Labrador suicide rates were 20 times higher for Inuit people and 14 times higher for Innu people compared to non-Indigenous rates in Newfoundland, says a new study covering almost two decades.
Dr. Michael Jong, president of the Canadian Society of Circumpolar Health, co-authored the paper published Thursday in the "American Journal of Public Health."
"I think it's important because we can better target our resources for the population with the greatest need," he said in an interview. "We need to know what kinds of intervention are most appropriate.
"It's young people who are dying."
The study draws on Statistics Canada reports over 17 years ending in 2009.
They show a suicide rate of 165 Inuit deaths per year for every 100,000 people and 114 for the Innu, compared to eight in Newfoundland.
The average age for Inuit and Innu deaths by suicide was 29, compared to 44 in Newfoundland.
Jong has worked for 35 years in Happy Valley-Goose Bay in Labrador as a family doctor.
"I'm really good, I feel, at talking someone out of suicide," he said. "But I feel that I'm kind of providing a Band-Aid …because they go back to their same old situation with the same problems."
Jong said long-term funding is needed to help Indigenous communities deal with the effects of relocation and residential schools – including addictions and trauma.
"It's colonization, loss of culture, loss of a sense of belonging."
Many former residential school students live with post traumatic stress disorder and have little or no ability to parent their own children, Jong added.
Provincial and federal officials need to support programs that reflect what the communities believe will work for them, he stressed.
Provincial Health Minister John Haggie said suicide in Labrador is recognized as "a major problem." Efforts to help have included improved intervention training for staff in aboriginal communities, he said in an interview.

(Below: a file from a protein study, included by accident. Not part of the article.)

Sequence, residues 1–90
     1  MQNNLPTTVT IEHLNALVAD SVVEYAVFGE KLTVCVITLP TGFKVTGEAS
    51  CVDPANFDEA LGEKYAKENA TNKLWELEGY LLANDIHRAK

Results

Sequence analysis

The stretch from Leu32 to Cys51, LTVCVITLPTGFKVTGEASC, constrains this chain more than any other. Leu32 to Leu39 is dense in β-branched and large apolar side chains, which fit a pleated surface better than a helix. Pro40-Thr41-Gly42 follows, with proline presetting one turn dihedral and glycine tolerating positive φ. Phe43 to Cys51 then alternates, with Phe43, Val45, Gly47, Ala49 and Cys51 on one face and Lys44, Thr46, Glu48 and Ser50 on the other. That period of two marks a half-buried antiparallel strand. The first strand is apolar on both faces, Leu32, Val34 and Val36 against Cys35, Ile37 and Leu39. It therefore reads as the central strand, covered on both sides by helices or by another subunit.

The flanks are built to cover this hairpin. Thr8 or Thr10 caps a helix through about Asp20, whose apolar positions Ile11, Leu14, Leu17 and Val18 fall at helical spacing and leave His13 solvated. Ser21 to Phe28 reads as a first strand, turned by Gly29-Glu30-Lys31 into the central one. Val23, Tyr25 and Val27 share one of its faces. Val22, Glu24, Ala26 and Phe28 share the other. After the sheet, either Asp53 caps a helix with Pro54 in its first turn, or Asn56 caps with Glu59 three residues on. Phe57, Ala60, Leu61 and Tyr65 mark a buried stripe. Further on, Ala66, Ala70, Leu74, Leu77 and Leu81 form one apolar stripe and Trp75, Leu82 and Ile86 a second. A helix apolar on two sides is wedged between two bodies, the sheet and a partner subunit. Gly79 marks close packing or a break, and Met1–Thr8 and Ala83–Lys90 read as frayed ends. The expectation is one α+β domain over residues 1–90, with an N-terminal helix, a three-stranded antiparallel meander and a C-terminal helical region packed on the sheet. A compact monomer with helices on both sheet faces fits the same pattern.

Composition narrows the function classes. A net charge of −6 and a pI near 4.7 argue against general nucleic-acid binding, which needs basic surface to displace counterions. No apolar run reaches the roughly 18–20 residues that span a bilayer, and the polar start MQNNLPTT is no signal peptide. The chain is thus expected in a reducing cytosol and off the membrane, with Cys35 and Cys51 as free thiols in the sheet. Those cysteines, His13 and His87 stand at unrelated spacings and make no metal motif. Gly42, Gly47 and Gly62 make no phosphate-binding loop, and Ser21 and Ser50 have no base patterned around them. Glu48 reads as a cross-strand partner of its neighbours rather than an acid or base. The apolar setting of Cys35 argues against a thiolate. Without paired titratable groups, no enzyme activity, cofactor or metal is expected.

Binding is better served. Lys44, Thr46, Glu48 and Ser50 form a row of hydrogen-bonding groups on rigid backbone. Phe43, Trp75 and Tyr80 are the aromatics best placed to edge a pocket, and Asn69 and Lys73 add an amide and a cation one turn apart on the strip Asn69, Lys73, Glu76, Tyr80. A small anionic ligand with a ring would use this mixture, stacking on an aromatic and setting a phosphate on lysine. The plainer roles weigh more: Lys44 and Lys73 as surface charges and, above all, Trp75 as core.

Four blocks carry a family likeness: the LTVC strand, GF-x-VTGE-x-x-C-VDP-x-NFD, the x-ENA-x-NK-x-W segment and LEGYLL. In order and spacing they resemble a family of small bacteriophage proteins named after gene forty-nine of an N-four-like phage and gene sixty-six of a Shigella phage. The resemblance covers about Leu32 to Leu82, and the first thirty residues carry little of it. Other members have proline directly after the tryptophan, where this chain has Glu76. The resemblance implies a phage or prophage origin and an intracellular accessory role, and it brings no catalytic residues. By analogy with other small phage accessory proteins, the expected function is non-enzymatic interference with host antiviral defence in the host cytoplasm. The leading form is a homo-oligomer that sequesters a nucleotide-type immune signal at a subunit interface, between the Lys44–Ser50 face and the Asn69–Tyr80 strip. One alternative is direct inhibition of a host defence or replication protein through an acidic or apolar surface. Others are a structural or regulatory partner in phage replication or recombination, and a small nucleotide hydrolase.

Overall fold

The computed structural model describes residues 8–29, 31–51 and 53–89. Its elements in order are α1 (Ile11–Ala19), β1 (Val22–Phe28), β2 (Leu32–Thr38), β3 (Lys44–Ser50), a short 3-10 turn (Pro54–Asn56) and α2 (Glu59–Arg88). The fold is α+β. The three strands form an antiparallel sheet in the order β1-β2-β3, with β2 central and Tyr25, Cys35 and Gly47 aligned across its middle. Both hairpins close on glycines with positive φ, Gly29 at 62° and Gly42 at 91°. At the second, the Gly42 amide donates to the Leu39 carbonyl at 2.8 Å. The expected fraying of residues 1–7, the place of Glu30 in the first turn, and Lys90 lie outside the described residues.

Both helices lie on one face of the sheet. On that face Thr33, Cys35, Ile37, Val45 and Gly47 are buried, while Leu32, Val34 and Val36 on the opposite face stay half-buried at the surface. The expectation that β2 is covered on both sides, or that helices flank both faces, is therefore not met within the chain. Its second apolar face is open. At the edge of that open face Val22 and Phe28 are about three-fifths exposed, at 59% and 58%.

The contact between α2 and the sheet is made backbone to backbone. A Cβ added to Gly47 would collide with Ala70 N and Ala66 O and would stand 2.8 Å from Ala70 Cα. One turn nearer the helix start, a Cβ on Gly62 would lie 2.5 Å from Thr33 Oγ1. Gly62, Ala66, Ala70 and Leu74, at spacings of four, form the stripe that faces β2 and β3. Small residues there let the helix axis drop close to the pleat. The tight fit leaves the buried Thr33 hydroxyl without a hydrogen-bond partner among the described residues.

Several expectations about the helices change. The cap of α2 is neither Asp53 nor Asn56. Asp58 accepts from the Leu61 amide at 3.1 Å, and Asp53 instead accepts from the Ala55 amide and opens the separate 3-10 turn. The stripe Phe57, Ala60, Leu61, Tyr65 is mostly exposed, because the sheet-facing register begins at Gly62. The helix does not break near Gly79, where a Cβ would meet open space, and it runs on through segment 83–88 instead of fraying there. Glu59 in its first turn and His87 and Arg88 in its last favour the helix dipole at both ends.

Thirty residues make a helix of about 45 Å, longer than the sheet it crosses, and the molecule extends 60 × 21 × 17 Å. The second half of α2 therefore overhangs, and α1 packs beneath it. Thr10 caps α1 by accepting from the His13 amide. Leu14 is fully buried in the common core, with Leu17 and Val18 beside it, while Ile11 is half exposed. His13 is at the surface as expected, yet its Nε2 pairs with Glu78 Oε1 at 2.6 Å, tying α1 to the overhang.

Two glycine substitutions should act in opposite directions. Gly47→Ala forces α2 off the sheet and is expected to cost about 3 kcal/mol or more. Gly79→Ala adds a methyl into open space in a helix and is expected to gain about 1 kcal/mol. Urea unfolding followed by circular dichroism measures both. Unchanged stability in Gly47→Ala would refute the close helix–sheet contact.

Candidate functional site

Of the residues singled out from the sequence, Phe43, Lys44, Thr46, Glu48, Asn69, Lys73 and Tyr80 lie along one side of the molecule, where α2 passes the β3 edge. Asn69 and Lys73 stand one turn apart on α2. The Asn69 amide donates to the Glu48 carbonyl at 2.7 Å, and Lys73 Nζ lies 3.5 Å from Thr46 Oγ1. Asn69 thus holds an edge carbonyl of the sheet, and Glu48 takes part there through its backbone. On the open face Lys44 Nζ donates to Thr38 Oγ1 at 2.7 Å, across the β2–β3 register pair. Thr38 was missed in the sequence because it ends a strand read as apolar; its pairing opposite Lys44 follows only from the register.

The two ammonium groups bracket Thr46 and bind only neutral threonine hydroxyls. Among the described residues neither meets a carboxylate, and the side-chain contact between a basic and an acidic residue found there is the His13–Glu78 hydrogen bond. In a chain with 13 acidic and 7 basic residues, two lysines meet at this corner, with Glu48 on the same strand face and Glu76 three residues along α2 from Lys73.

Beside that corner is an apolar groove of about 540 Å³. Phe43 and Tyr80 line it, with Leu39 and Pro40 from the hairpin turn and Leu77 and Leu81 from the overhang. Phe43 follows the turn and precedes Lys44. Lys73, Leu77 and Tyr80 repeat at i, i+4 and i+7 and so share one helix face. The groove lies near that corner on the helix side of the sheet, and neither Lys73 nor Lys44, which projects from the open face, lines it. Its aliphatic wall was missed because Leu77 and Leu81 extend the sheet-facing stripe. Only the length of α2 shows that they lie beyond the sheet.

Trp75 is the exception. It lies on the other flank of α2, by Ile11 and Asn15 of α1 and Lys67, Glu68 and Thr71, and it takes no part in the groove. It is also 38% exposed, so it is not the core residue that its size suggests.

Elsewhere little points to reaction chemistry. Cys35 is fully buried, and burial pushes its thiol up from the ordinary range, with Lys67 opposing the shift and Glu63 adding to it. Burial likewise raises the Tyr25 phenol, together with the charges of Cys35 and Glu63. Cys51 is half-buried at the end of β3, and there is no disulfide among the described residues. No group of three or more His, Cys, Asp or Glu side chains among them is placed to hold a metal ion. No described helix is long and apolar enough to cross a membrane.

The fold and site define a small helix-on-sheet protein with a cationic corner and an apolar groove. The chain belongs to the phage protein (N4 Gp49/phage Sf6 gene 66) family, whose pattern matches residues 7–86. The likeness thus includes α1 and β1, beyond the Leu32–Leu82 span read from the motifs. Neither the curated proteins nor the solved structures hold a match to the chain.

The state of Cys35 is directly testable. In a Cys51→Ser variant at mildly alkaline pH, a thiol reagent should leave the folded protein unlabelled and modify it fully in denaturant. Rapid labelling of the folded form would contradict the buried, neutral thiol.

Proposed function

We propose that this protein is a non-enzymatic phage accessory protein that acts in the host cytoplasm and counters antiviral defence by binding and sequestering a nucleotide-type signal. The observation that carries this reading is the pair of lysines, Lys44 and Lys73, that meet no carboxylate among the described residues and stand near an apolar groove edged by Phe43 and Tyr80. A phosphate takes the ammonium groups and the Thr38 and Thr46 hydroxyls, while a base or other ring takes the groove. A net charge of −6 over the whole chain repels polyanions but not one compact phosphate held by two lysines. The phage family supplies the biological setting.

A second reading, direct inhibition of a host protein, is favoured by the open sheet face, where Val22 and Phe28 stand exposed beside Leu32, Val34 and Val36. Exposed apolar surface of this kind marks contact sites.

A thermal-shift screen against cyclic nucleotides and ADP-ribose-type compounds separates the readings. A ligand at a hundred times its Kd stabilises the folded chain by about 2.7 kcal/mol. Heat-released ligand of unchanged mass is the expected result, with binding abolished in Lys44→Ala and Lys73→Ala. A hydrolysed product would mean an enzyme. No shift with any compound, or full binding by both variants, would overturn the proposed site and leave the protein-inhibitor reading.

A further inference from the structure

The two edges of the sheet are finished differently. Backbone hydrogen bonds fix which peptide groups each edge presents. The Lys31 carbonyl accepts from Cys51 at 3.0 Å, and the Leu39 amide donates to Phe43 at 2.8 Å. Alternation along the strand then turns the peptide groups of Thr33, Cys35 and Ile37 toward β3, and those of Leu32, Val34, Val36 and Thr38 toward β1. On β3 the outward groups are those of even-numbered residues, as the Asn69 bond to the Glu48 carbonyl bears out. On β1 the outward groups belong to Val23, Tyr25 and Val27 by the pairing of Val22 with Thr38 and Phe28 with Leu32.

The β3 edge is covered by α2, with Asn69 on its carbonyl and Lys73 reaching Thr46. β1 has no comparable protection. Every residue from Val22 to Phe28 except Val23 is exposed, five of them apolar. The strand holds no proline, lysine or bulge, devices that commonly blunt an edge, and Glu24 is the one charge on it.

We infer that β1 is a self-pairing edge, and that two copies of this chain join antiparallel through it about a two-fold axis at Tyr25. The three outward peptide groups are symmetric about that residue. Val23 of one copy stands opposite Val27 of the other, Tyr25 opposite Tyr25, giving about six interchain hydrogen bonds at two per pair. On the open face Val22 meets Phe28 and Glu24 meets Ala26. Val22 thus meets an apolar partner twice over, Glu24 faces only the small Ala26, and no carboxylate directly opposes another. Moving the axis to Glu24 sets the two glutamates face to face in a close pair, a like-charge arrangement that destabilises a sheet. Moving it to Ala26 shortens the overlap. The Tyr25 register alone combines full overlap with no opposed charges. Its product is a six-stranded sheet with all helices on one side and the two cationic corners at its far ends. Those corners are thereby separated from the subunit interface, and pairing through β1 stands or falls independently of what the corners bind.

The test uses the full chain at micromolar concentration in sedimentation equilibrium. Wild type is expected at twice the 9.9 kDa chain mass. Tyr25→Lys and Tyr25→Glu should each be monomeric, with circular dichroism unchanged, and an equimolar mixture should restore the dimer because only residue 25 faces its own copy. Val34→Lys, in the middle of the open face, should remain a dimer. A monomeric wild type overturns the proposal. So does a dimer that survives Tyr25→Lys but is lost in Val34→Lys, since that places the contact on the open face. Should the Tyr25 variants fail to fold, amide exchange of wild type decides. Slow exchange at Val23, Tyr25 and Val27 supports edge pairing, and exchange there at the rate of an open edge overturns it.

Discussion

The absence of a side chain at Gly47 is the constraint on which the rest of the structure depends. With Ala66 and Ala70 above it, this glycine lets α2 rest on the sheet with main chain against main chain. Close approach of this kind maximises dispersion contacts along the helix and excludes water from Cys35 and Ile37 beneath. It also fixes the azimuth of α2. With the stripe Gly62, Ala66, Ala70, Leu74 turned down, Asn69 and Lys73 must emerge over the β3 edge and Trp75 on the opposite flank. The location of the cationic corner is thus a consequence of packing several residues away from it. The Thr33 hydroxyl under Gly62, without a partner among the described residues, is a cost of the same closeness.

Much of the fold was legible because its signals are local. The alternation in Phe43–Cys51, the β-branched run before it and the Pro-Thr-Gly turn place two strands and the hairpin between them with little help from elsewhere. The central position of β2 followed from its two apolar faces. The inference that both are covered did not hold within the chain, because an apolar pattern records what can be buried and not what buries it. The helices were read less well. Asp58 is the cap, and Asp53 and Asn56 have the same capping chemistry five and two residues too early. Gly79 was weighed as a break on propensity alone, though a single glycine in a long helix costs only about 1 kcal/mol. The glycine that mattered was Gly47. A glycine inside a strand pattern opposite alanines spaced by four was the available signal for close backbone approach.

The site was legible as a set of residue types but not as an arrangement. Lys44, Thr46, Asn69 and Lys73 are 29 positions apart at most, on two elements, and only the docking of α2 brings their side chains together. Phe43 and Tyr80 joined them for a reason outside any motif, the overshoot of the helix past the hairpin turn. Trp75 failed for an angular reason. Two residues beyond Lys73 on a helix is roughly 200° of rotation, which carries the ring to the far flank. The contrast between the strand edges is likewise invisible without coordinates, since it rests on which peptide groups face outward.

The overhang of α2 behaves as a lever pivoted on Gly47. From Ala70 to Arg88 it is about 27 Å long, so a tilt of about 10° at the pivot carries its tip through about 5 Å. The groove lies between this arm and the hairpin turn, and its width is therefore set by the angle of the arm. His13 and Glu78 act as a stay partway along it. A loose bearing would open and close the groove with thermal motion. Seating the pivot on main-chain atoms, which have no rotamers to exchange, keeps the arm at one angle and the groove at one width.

"There's no one solution to this. We've tried to act on several levels as a government."
Three youth outreach workers are now on the job, Haggie said.
"But we also have a substance abuse issue as well and these two probably play into each other."
Federal Health Minister Jane Philpott said in a statement that the government is committed to closing gaps in health and mental wellness outcomes for indigenous Canadians.
"It will take all of us working together to improve these outcomes, and we are committed to working with the provinces, territories and indigenous leaders across the country to do so."
Michelle Kinney, deputy minister of health and social development for the Nunatsiavut Government, said it's time to get back to basics.
"We need to get back to the land and the connection to the land," she said in an interview.
"I know if you talk to youth, they'll say that they're tired of talking about it. Some people say we need to talk about suicide more and get it out there. They'll tell you that it's in their face, and that it's time to stop talking about it and do something. They want to see action."
Programs work best when they stem from ideas that come from within the communities themselves, Kinney said. Many ongoing efforts are focused on rebuilding relationships and trying to help troubled families while keeping them together.
"Building strength and resilience," Kinney said. "I think there's lots of ideas that we have about keeping our families together and building in supports, as opposed to removing children when there are issues.
"I think that we have the answers. We need to get the province and the federal government on board to work with us toward some of the solutions."